In the past month, the FDA released a guidance draft related to supplement regulation. Although you may think that these new rules and regulations won’t apply to you, these proposed changes could have a direct effect on the supplement industry and your access to many different types of supplements.
A Brief History of Supplement Regulations
Supplement regulation is a popular topic of discussion, and it came to the forefront of the health world in 1994, when President Bill Clinton signed the Dietary Supplement Health and Education Act into law. Under DSHEA, supplements like vitamins, minerals, enzymes, and probiotics were officially classified as foods, rather than drugs. DSHEA was originally created to increase consumer access to dietary supplements.
In addition, companies need to acquire FDA approval when introducing a new dietary ingredient (NDI) into any supplement (a stipulation that includes essentially every supplement introduced after 1994) by submitting an NDI notification. The manufacturers are still responsible for determining safety and validity of their supplements, although they must comply with a set of safety guidelines the FDA has created. (Learn more about DSHEA and FDA approval in this post).
This law was further complicated by a 2011 update that included the Food Safety Modernization Act. The FDA also published a draft of guidelines that clarified what constituted an NDI, when the manufacturer or distributor should submit an NDI notification, the evidence needed to document an NDI’s safety, and the methods for establishing the identity of an NDI.
For example, a section of the 2011 guidance detailed the process for submitting an NDI notification to the FDA. Although DSHEA does not have specific guidelines when submitting an NDI notification, the FDA recommended a manufacturer or distributor include:
-A full description of the identity and composition of the NDI and the dietary supplement in which the NDI will be marketed.
-A discussion of the basis for your conclusion that the substance is an NDI.
-A description of the conditions of use recommended or suggested in the labeling of the dietary supplement, or if no conditions of use are recommended or suggested in the labeling, the ordinary conditions of use of the supplement.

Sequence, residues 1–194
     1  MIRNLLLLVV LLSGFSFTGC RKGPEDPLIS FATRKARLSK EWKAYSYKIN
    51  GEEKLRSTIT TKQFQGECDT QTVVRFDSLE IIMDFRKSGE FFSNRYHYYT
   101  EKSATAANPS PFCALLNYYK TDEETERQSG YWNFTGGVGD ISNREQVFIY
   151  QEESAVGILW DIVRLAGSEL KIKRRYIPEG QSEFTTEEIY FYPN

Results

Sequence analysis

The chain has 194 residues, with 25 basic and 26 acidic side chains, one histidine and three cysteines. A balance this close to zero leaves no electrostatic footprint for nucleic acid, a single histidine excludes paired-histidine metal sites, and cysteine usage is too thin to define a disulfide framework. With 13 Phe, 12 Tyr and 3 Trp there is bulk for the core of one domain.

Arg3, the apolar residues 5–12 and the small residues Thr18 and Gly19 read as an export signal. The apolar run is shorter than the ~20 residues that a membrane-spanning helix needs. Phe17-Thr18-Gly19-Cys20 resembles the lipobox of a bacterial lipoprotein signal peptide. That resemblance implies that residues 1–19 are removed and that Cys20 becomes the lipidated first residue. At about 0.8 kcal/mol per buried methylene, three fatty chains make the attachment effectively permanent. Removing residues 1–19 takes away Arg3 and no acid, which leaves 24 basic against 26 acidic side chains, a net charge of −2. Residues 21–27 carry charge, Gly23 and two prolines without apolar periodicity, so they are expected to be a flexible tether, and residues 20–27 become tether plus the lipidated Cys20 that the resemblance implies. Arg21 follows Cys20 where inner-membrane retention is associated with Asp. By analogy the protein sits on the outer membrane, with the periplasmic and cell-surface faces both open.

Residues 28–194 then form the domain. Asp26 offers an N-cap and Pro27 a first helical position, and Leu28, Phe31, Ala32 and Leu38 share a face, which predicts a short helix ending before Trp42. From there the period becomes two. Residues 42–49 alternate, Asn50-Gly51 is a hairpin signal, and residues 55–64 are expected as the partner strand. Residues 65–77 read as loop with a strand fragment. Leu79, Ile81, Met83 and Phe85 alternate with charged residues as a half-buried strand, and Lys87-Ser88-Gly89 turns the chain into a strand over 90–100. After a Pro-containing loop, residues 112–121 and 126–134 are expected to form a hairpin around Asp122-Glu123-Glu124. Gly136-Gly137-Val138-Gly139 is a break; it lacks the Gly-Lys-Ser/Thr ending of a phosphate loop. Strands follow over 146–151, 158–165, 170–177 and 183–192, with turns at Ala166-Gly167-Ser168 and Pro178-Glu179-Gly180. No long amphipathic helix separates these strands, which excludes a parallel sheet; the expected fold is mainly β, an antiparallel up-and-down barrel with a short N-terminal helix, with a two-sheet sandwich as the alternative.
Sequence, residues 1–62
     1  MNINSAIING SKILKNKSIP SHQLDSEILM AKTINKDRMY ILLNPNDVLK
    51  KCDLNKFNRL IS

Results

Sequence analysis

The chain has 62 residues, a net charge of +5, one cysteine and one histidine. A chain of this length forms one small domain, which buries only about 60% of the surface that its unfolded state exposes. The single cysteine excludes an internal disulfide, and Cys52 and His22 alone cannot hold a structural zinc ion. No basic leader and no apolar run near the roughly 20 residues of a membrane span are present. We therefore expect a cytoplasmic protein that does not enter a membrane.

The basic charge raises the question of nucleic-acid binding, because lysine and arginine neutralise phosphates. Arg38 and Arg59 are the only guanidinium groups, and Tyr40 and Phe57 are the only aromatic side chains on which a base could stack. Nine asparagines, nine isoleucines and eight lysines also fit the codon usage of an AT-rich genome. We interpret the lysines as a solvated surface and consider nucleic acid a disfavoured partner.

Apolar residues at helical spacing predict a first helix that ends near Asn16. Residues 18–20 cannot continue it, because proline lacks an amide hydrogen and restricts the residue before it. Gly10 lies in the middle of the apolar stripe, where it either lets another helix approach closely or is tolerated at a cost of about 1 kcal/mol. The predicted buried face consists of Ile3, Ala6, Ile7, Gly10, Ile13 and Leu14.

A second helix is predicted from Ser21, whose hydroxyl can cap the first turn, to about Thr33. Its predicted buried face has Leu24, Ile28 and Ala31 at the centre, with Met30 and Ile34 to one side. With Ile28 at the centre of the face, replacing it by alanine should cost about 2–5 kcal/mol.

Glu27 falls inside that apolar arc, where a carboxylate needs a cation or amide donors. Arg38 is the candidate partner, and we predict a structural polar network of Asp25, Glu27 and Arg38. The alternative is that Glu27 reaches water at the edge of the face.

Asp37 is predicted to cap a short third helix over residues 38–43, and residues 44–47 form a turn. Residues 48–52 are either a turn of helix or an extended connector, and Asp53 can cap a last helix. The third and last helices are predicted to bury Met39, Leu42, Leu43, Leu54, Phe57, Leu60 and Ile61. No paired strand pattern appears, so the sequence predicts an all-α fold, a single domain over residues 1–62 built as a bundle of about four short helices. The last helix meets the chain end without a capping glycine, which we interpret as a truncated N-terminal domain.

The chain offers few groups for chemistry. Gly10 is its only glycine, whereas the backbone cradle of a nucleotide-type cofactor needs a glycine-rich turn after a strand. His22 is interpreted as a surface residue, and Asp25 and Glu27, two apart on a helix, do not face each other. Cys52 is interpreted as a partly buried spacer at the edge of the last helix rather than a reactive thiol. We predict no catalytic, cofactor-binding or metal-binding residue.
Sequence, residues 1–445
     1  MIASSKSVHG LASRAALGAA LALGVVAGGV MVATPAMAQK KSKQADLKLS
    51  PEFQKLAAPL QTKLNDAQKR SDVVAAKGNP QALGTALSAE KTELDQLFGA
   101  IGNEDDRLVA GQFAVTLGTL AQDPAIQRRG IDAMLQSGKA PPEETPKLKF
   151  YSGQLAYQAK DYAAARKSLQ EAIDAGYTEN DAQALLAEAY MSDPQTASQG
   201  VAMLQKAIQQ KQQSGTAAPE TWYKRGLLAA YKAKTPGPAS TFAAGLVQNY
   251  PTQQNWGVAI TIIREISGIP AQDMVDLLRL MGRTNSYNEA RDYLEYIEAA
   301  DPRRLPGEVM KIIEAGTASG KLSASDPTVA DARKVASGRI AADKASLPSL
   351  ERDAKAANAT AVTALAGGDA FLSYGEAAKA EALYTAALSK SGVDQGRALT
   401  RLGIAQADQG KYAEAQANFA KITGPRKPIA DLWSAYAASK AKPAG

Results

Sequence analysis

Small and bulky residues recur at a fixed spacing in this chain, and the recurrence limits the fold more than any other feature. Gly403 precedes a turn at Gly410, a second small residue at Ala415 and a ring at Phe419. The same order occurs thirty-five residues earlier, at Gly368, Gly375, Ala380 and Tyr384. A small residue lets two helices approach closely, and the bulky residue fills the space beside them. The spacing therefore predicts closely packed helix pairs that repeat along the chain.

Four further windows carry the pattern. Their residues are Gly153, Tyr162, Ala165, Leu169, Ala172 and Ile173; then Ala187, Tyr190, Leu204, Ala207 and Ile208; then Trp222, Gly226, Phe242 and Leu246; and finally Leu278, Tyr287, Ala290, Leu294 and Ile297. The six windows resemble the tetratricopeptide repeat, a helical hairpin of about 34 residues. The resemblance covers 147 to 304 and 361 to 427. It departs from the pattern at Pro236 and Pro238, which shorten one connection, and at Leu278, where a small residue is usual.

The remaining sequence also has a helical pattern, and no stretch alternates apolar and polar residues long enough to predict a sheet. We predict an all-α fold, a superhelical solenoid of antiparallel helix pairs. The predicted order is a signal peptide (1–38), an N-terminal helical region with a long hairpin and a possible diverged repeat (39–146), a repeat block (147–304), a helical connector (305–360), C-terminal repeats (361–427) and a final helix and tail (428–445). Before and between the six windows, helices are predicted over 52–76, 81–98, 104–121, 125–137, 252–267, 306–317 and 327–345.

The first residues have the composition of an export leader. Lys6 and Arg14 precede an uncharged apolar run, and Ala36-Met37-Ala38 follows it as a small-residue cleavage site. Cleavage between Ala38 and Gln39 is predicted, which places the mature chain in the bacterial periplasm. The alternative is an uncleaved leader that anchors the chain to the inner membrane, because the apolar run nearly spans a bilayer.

-An explanation of how the history of use or other evidence of safety in the notification justifies your conclusion that the dietary supplement containing the NDI will reasonably be expected to be safe. (source)
However, the backlash from these proposed updates was severe, and caused the FDA to rethink the draft. In the last month, the FDA has released their new draft guidance to regulate NDIs.
What Does the FDA Propose?
Among other changes, this new draft guidance would require any supplement makers to register an NDI 75 days before introducing the supplement into the market (with an additional 90 days before the approval is released to the public). It also offers updated information about what is considered an NDI, as well as suggestions for new testing and safety measures for NDI approval.
What Do These Changes Mean for You?
On the surface, this guidance doesn’t appear to have immediate consequences. However, if these new guidelines are adopted, it could result in serious effects for the average supplement user.
One of the biggest criticisms of the guidance is that these new regulations may stifle the creation of new supplements, as new safety measures and testing procedures could be more costly and extensive. The definition of what exactly constitutes an NDI or “chemically altered” NDI is hazy at best, which could make it difficult when trying to test for safety.
It’s valuable to note that an NDI refers to a new supplement (as opposed to an IND, which refers to a new drug). With the current legislation, if an IND application is filed for a dietary ingredient, it cannot be included in a supplement unless an NDI has been previously accepted. For example, when the FDA declared pyridoxamine (a natural form of vitamin B6) a drug, this form of B6 became unavailable as a supplement (even though this form of vitamin B6 can be found in many foods). Even when an IND is rescinded, or when it does not lead to a new drug, the supplement form is still banned.
These regulations could potentially restrict not only the types of supplements available to the public, but could also discourage new research in fields like functional medicine, the human microbiome, and epigenetics. Even as scientists discover more information about the potential benefits of supplements, the new regulations could mean that they could find their progress hindered or stopped entirely.
However, the guidance isn’t all negative. If an ingredient had been included in a supplement prior to 1994, it is grandfathered in and does not require an NDI, even if it is sold as a standalone supplement. For example, if a ginger supplement was sold with added ingredients like echinacea, the ginger itself wouldn’t require an NDI, and neither would the echinacea.
Additionally, NDI’s can be submitted as “master files,” which is a guide that provides detailed information about an ingredient. If a company uses the same ingredient in multiple products, they can submit one NDI for multiple products.
What You Can Do
If you’d like to express your opinion on these proposed changes, you can contact your local representative or the FDA. The guidance is still in draft form, so the changes have not yet gone into effect, which means there is still time to make your voice heard. If you want to get involved, you can take action here.
What do you think of these new regulations? Helpful or harmful? Let us know in the comments!